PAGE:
Disregarding input and output we can describe the effect of each action as a "change in the current state of the process", the current state at the end of the action --and thereby the effect-- being a unique function of the state at the beginning of the action.

If we use values of variables to record the current state we can regard the variables as coordinate axes in a "state space", with as many dimensions as variables. The current state is then given by a point in state space; furthermore the metaphor of "a subspace" is offered to us when we consider an action that is only concerned with a subset of the variables.

The above picture is reasonably adequate when we are concerned with a sequential process operating in a constant state space. If these conditions, however, are not satisfied the picture is badly in need of refinement.

I mention two reasons it is all right to regard an ALGOL inner block from the point of view of the embracing blocks as "an atom". As a whole its effect is defined by and reflected in values of variables specifying the state of the embracing block (or blocks). But as soon as we regard the innerblock as a process in which the local variables of the block have to be taken into account, we discover that this change in our attitude is accompanied with a temporary extension of state space, viz. with a new dimension for each local variable.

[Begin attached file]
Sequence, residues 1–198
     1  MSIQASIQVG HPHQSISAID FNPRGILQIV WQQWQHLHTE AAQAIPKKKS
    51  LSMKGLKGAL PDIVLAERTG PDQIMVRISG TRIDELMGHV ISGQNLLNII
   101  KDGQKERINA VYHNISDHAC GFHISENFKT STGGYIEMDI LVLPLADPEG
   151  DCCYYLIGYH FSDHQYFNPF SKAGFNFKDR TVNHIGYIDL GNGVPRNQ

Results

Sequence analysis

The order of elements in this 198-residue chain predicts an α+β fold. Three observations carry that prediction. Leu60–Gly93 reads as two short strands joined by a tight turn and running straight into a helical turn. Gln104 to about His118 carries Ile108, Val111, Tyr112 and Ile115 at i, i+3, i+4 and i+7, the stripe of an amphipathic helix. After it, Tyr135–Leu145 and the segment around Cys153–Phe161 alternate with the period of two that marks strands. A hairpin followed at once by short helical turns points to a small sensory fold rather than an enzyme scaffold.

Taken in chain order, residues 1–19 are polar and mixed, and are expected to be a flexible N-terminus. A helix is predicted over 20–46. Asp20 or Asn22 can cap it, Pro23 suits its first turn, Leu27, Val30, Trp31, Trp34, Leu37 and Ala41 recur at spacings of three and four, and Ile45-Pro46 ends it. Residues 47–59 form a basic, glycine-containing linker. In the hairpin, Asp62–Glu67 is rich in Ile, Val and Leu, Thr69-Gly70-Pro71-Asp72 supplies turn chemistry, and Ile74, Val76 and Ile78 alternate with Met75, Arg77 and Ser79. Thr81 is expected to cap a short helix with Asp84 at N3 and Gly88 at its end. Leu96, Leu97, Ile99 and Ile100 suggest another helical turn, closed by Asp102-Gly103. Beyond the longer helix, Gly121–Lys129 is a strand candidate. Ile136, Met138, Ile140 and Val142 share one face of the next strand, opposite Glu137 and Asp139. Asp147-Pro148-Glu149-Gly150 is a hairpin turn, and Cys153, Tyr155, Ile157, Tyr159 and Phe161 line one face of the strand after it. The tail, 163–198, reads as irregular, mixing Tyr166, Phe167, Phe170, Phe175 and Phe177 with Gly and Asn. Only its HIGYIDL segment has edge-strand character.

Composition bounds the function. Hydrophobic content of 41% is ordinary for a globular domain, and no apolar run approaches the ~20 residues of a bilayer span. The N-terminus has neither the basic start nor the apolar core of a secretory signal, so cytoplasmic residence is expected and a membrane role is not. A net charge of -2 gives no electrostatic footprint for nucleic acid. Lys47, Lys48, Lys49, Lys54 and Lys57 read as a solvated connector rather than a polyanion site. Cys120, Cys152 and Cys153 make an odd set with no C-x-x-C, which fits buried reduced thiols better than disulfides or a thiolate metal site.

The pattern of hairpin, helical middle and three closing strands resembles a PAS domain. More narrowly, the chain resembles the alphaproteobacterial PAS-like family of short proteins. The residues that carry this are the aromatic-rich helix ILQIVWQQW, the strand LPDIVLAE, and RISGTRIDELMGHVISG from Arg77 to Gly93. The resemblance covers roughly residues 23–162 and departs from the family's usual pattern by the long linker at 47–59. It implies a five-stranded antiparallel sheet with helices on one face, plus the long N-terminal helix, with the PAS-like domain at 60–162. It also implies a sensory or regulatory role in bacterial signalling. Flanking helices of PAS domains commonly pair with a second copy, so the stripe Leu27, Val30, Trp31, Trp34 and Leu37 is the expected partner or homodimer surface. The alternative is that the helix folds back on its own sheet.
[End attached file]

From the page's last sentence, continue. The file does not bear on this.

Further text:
Secondly we assumed the possibility to speak about "the state at the beginning of an action and the state at the end of an action, and this assumes an implied definition of simultaneity, covering all the variables and specifying the moment at which their value should be taken to specify "the current state". This condition is certainly not satisfied as soon as our process has been split up over two or more parallel processes, that may have been delegated to as many mutually unsynchronized computers! In that case the effect of actions is only defined by and describable in a projection of a subspace: the other dimensions have to be ignored.